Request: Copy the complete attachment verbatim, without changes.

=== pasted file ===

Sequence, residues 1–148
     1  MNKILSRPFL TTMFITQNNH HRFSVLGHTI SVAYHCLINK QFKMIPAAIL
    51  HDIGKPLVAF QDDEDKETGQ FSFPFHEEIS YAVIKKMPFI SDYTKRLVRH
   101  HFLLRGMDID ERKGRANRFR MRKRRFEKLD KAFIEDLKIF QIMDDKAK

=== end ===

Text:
Sequence, residues 1–148
     1  MNKILSRPFL TTMFITQNNH HRFSVLGHTI SVAYHCLINK QFKMIPAAIL
    51  HDIGKPLVAF QDDEDKETGQ FSFPFHEEIS YAVIKKMPFI SDYTKRLVRH
   101  HFLLRGMDID ERKGRANRFR MRKRRFEKLD KAFIEDLKIF QIMDDKAK